It was during his 450 hours of flight time that Hall’s attention to detail ending up saving the lives of many more airmen. While stationed in Hobbs, New Mexico, for eight months, Hall was a part of the program that helped train pilots by simulating a bomb mission on Berlin. These simulated bomb missions that were a requirement for B-17 pilots would fly from Hobbs to St. Louis to simulate flying out over the North Sea. After St. Louis the flight would turn and fly to Memphis to simulate the turn to Berlin. After Memphis they would turn and come home.

As one of these training flights was passing over Arkansas it disappeared without a trace of the people or plane. It was concluded that the plane had blown up. After the disappearance everyone was instructed to keep their eyes and ears open for anything that would cause a B-17 to blow up.

Five months later Hall was on a B-17 that didn’t have reliable landing gear blocks. During flight if the landing gear wasn’t secured it would creep down creating draft that would knock the aircraft off course. Hall made it a routine to always go back in the bomb bay and check the landing gear fitting. By cranking on the fitting you would be able to tell if the landing gear was secure. If you tried to turn the crank and it wouldn’t turn then you knew it was secure. If the fitting did turn then it would have to be turned until it was locked.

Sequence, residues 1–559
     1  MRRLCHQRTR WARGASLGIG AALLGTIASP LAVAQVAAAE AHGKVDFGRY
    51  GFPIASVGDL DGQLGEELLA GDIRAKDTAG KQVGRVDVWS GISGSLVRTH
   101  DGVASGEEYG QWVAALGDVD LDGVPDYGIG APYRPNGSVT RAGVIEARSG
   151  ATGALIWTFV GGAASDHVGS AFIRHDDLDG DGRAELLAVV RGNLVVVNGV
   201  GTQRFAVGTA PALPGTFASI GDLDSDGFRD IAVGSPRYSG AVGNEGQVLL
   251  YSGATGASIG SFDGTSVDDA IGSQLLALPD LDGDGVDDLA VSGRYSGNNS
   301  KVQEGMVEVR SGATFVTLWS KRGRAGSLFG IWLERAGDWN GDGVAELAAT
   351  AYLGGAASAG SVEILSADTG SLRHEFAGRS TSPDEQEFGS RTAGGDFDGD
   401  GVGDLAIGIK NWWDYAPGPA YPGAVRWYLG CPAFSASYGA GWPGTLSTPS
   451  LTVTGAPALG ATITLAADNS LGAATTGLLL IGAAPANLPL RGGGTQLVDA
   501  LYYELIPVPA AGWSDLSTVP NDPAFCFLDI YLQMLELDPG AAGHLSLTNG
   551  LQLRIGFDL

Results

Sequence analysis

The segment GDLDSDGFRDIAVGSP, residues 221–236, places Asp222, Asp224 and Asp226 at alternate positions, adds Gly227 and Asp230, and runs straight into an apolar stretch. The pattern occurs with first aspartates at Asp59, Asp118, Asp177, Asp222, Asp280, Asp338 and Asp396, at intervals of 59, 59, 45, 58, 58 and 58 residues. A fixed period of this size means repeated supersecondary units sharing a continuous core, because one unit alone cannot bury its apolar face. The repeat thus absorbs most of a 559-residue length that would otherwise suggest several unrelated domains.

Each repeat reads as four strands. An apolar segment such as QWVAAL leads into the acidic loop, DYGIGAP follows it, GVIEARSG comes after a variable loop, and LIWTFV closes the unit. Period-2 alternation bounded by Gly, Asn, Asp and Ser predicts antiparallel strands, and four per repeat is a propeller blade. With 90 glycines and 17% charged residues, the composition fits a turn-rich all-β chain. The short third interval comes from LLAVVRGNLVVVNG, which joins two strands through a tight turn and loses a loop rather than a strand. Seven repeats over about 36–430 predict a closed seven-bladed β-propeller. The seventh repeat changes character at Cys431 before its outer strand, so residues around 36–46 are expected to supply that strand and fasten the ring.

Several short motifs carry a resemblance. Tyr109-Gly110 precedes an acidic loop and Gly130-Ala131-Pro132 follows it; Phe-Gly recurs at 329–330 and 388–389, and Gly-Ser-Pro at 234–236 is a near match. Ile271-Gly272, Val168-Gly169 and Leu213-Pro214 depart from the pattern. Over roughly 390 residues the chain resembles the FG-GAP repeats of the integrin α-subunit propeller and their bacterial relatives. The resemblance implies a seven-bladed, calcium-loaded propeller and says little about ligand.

After getting off the ground and the gear was retracted, Hall did like he always did and went to check to see if the gear was locked. While he was checking the gear he could smell fuel. Since there wasn’t supposed to be fuel in the bomb bay, Hall became curious. He started looking around to see where it was coming from and found a trickle of fuel no bigger than his little finger coming down from the right wing and into the bomb bay before running down through the cracks of the bomb release hatch. Adjacent to the bomb bay was the radio room that had a 480 volt motor on the floor. The motor would throw off sparks constantly. Hall shut the hatch between the bomb bay and the radio room before going forward and telling his pilot what we had discovered.

The plane was turned around and landed. After landing Hall and the crew tore into the plane until they found the source of the leak. It was discovered that the fuel pump on the number three engine had been sabotaged. All B-17s were grounded upon discovery of the sabotage that affected 15-20% of all fuel pumps and the investigation became secret. It was found that a female Nazi sympathizer in New Jersey, where they made the pumps, was creating a stress riser in the pump shaft. After hours of operation the stress would fracture and punch a hole in the case and allow fuel to come out and down the wing.

If Hall had not discovered the leak his plane would have blown up just as the other aircraft did over Arkansas.

Hall’s attention to detail most likely saved many lives during the war when pilot training accidents saw six times more losses of airplanes and people than losses from enemy gun fire. Training pilots wasn’t safe and it wasn’t easy. It was just as dangerous as war but in a different way.

“It’s a different thing to have people shooting at you,” said Hall.a